2. Enacted food security and nutrition legislations support local food production and consumption in the 3 targeted countries
  3. Increased representation of civil society through alliances and working groups in food security and nutrition strategy/policy decision making processes.

– Oxfam and partners provided analysis and recommendations on the draft agricultural strategic frameworks (5-10 years) of the three countries to ensure that food security, gender, small-holder inclusion, coordination, monitoring, action plans and budget are well defined;

– Oxfam and partners support national alliances and networks of civil society and non-government organisations to develop common positions for advocacy.

  • Georgian Alliance for Agricultural and Rural Development (GAARD)
  • Agriculture Alliance of Armenia (AA) – 16 member organisations
  • Agriculture and Food Security Alliance of Azerbaijan (AFSA)

– Oxfam and partners increased evidence and understanding on food security through research and public events.

  • Baseline research on Food Security in the South Caucasus – October 2014
  • Impact of trade turn-over with key trading partners in Azerbaijan – September 2014
  • Diagnostic Review of Existing Food Security Institutional Mechanisms and Public Policy in Georgia – September 2014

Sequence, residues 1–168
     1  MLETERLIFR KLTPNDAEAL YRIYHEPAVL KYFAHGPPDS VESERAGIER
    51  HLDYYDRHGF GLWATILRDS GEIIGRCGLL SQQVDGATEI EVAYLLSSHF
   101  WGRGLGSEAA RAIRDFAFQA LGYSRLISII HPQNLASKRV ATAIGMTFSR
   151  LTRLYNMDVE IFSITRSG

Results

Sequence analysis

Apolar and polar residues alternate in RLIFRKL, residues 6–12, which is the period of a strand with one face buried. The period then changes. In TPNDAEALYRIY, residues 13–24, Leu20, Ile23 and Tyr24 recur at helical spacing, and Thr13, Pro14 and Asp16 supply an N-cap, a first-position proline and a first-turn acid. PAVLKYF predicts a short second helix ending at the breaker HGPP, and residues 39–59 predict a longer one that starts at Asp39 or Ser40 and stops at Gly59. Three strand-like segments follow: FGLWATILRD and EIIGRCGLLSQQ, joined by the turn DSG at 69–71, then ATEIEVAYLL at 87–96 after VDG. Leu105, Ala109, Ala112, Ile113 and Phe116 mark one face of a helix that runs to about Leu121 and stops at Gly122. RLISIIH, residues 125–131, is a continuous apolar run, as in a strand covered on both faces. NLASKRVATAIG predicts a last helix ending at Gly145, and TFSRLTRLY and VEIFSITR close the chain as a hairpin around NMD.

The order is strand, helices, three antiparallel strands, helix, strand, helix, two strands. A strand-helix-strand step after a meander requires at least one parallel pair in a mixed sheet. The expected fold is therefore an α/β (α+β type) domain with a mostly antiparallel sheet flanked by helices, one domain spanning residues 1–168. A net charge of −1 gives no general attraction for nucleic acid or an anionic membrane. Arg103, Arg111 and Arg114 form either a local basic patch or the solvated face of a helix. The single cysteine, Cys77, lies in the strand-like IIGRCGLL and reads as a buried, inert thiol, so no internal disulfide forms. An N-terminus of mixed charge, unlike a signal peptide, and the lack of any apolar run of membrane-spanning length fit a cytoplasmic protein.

• Nutritional Aspects of Food Security in Armenia – August 2014
  • Nutritional Diversification and Policy Review in Armenia and Georgia
  • Food Security and Nutrition challenges in High Mountains of Georgia
  • Various conferences to raise awareness on food security in all three countries.

Structural and institutional changes as a result of project’s advocacy work

National Working Group in Armenia – Informal group was set up to coordinate with the Ministry of Agriculture on the development of the Strategy for Sustainable Agricultural Rural Development 2015-2025

Provincial Working Groups in Armenia – includes regional government, extension services, banks and MFIs, private sector companies/processors, NGOs, media as well as farmers and farmer cooperatives

Private Sector Sub-Working group – Cooperatives, processors, private sector companies, financial institutions (supported by the partner BSC).

Official Food Security Working Group under the Ministry of Agriculture – An official working group was set up under the Ministry of Agriculture by decree, which brings different Government Departments to work on food security strategies. Some of the members are: Dept. Of Agriculture and Food, including the Division of Sectoral Development; Division of Food and Water/National Food Agency, Policy and Analytical Department , adviser to the Minister of Agriculture, Food Security expert from the GAARD.